The U.S. Geological Survey (USGS) has recently contracted with the National Park Service to help create an inventory of geologic resources for three parks on the west coast of the Big Island of Hawai'i.
In December 2003, a team of scientists from the USGS' Pacific Science Center in Santa Cruz, CA (Susie Cochran-Marquez, Ann Gibbs, Eric Grossman, and Josh Logan), visited Kaloko-Honokohau National Historical Park, just north of Kona, to collect underwater video footage for use in interpreting existing remotely sensed images.
Building on previously acquired SHOALS (Scanning Hydrographic Operational Airborne Lidar Survey) and aerial photography, the georeferenced data from the camera tows and drops will be incorporated into a Geographic Information System (GIS) layer, with the goal of creating a benthic-habitat map for the offshore areas of the park.
Key areas of the offshore terrain include a broad, shallow platform across most of Honokohau Bay in the southern part of Kaloko-Honokohau National Historical Park. Formed by lava locally referred to as pahoehoe, the platform extends seaward to approximately 3-m water depth. Wave exposure is high in this high-energy zone, and freshwater upwelling is prevalent. Small, hardy corals (for example, Pocillopora meandrina and Porites lobata) are scattered on the pavement throughout the zone.
At the seaward edge of the broad platform is an abrupt drop of approximately 5 m to a mixed zone of boulders and pavement with varying coral cover, pinnacles, and canyons. This mixed zone extends across the deeper mouth of Honokohau Bay and northward throughout the entire region of Kaloko Bay, ranging in water depth from 8 to 15 m.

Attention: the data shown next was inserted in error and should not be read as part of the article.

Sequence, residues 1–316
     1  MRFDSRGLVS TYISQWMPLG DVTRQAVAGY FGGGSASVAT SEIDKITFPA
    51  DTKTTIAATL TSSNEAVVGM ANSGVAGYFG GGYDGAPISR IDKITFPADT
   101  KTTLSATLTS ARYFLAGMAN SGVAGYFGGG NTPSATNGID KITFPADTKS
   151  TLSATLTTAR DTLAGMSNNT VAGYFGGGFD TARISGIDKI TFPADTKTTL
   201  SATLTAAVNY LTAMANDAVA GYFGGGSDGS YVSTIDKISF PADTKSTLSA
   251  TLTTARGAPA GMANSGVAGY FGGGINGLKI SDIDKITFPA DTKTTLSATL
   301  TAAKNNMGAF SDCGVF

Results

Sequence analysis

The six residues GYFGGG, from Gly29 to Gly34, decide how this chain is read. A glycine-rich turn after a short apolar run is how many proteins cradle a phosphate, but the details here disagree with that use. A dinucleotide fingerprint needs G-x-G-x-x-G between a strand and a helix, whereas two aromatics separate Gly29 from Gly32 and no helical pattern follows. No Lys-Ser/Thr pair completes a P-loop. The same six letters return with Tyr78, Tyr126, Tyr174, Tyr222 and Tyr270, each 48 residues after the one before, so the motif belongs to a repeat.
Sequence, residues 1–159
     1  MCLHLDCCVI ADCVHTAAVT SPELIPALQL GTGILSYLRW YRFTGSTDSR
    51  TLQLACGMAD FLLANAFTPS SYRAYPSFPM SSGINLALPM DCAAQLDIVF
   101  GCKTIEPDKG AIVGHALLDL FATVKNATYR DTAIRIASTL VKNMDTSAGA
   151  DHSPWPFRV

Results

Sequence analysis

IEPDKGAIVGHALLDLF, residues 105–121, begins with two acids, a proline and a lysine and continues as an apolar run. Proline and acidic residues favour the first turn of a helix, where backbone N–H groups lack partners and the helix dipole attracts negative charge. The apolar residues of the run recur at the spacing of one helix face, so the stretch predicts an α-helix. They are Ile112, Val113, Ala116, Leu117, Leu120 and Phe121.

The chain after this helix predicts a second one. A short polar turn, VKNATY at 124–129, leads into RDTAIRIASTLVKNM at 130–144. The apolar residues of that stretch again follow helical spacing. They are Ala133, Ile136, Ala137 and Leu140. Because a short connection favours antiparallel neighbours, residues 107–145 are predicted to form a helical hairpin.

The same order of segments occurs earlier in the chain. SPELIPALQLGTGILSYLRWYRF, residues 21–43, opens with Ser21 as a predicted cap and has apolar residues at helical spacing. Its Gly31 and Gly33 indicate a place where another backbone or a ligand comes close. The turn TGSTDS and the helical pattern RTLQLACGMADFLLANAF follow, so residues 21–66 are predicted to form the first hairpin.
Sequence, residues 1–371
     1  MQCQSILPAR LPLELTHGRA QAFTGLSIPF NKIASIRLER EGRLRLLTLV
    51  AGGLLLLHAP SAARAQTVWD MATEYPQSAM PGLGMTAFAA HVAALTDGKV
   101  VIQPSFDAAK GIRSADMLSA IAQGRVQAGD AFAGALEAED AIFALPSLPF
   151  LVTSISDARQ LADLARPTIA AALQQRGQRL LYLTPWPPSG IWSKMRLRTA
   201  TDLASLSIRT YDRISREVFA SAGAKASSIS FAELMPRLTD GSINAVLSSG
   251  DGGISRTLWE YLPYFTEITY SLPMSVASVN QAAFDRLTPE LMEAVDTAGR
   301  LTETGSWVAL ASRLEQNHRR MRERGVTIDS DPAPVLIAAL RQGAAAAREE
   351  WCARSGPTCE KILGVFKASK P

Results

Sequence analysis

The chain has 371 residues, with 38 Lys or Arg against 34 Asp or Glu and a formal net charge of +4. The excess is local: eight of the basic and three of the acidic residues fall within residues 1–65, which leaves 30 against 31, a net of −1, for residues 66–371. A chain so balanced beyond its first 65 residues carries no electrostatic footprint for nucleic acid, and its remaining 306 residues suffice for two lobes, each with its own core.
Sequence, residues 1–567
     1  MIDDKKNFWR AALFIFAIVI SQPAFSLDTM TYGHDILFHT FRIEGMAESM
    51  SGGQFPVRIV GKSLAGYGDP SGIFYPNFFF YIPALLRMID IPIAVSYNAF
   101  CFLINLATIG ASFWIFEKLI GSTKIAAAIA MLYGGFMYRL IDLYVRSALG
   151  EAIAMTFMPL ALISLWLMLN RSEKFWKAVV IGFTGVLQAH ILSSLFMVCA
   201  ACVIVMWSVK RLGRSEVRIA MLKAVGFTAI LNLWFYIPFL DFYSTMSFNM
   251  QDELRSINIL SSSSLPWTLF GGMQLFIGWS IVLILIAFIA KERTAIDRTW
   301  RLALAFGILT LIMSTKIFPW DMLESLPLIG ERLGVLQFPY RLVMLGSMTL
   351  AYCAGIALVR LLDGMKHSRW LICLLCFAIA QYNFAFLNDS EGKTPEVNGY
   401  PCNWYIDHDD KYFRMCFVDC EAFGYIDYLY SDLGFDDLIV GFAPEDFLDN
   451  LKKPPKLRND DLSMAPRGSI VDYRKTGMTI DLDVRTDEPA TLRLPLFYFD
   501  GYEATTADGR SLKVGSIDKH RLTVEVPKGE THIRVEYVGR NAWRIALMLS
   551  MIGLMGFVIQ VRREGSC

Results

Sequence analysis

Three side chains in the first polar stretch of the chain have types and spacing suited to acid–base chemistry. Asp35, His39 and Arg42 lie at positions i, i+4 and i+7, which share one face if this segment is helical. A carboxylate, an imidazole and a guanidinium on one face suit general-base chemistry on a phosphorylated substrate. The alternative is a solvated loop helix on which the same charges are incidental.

The steep seaward edge of the mixed zone is densely covered with mostly live and dead finger coral (Porites compressa); it drops off to a gently sloping sandy bottom at 30-m water depth.
In addition to collecting underwater video footage, instruments on the camera-towing package also measured the water's conductivity, temperature, and depth, as well as optical backscatter. These measurements were part of a pilot study to identify and quantify submarine ground-water discharge and the flux of associated nutrients and contaminants to the coastal system.
Future work will include surveys to map the coastal-interface zones of Kaloko-Honokohau National Historical Park, in addition to both coastal and nearshore mapping of the geologic resources of Pu'ukohola Heiau National Historic Site near Kawaihae, and Pu'uhonua O Honaunau (City of Refuge) National Historical Park.
in this issue:
Mapping Hawaiian National Parks